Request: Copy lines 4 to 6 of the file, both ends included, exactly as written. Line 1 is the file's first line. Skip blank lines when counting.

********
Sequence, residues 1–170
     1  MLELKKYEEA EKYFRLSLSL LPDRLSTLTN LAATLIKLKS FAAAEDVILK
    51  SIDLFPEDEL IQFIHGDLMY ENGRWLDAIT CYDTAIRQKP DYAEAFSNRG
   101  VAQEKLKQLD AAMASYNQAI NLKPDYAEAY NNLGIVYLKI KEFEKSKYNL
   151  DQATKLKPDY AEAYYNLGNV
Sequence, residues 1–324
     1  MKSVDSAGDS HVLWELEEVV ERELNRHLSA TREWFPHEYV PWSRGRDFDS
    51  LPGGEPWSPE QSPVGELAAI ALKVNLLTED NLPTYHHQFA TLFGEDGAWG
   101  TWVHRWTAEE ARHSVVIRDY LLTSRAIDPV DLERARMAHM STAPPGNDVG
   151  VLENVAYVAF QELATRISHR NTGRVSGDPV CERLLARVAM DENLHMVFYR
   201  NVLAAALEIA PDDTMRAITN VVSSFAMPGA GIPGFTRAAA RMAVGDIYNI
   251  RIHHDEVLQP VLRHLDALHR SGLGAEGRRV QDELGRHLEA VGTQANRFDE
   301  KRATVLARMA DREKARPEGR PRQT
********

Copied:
   101  VAQEKLKQLD AAMASYNQAI NLKPDYAEAY NNLGIVYLKI KEFEKSKYNL
   151  DQATKLKPDY AEAYYNLGNV
Sequence, residues 1–324